A physician assistant (PA) is trained to act as medical practitioner under the supervision of an M.D. The position is somewhat comparable to a nurse practitioner. A physician assistant examines patients, take histories, order tests and interpret them, and generally provide diagnostic and therapeutic services to the patient. They treat injuries by suturing, splinting and casting.
In 48 states and the District of Columbia, a PA is authorized to write prescriptions for certain classes of medication. Some physician assistants also play a supervisory role in a doctors office, providing oversight for staff and handling office management chores such as ordering equipment and supplies.
A physician assistant academic program usually lasts two years. Some institutions won't take student applicants unless they already have already completed two years of academic study at the college level, preferably in the health care field. Some institutions also require health care experience at some level. Many PA students are registered nurses or have worked in physical therapy.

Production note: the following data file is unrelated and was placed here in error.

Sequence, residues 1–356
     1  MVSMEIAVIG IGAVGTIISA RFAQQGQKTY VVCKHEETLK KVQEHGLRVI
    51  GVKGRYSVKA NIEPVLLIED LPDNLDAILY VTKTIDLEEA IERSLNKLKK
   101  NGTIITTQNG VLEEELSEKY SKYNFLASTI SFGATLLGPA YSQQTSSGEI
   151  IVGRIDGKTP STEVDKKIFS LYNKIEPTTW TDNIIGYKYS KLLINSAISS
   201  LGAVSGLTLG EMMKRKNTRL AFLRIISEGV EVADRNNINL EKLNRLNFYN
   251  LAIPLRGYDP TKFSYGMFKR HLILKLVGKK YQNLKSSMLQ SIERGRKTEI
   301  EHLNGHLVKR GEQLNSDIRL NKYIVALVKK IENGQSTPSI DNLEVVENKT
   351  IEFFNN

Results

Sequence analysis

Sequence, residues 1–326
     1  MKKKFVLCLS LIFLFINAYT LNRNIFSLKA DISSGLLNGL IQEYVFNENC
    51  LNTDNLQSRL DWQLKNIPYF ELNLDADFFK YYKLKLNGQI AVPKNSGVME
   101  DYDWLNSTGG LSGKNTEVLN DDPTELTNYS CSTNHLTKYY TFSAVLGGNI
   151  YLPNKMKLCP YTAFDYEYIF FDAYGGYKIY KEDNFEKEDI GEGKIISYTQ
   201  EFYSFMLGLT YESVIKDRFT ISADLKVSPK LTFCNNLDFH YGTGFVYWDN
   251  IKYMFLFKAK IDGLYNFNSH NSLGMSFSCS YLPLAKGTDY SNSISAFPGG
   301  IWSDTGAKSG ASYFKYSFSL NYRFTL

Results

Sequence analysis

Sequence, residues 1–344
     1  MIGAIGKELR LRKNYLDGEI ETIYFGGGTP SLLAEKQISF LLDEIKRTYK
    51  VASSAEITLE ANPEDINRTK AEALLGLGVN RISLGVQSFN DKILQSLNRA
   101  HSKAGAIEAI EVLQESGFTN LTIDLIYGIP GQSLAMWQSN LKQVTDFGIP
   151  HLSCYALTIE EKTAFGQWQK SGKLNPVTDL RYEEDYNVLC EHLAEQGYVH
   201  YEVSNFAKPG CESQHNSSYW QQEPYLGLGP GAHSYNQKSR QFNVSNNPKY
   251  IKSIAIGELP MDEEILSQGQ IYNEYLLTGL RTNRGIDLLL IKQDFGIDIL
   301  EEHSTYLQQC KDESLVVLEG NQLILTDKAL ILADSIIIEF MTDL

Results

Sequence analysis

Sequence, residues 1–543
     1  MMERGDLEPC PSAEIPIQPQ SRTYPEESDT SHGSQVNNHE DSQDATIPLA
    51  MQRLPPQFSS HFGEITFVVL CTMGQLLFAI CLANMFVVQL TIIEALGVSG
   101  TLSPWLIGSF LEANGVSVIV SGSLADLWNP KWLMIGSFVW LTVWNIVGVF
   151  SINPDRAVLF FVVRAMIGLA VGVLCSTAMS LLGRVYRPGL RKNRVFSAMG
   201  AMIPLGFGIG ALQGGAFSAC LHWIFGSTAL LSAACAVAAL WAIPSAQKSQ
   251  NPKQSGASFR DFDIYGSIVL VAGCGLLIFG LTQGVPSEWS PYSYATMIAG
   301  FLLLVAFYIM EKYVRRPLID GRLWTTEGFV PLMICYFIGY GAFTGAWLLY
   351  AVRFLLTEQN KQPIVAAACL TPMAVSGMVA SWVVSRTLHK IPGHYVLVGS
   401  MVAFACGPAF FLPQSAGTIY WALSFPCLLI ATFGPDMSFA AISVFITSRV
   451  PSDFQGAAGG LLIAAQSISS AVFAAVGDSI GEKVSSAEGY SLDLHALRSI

All states require that a physician assistant be licensed and have passed the Physician Assistant National Certifying Examination, administered by the National Commission on Certification of Physician Assistants (NCCPA).
There were about 66,000 physician assistants working in the U.S. in 2006.
The U.S. Department of Labor expected this job classification to grow 27% from 2006 to 2016, much faster than the national average for overall job growth. Institutionalized health care has led to extended use of PAs in order to control costs.
Lowest 10% $22.47 $47,650
Median Salary $37.72 $78,450
Highest 10% $50.81 $105,680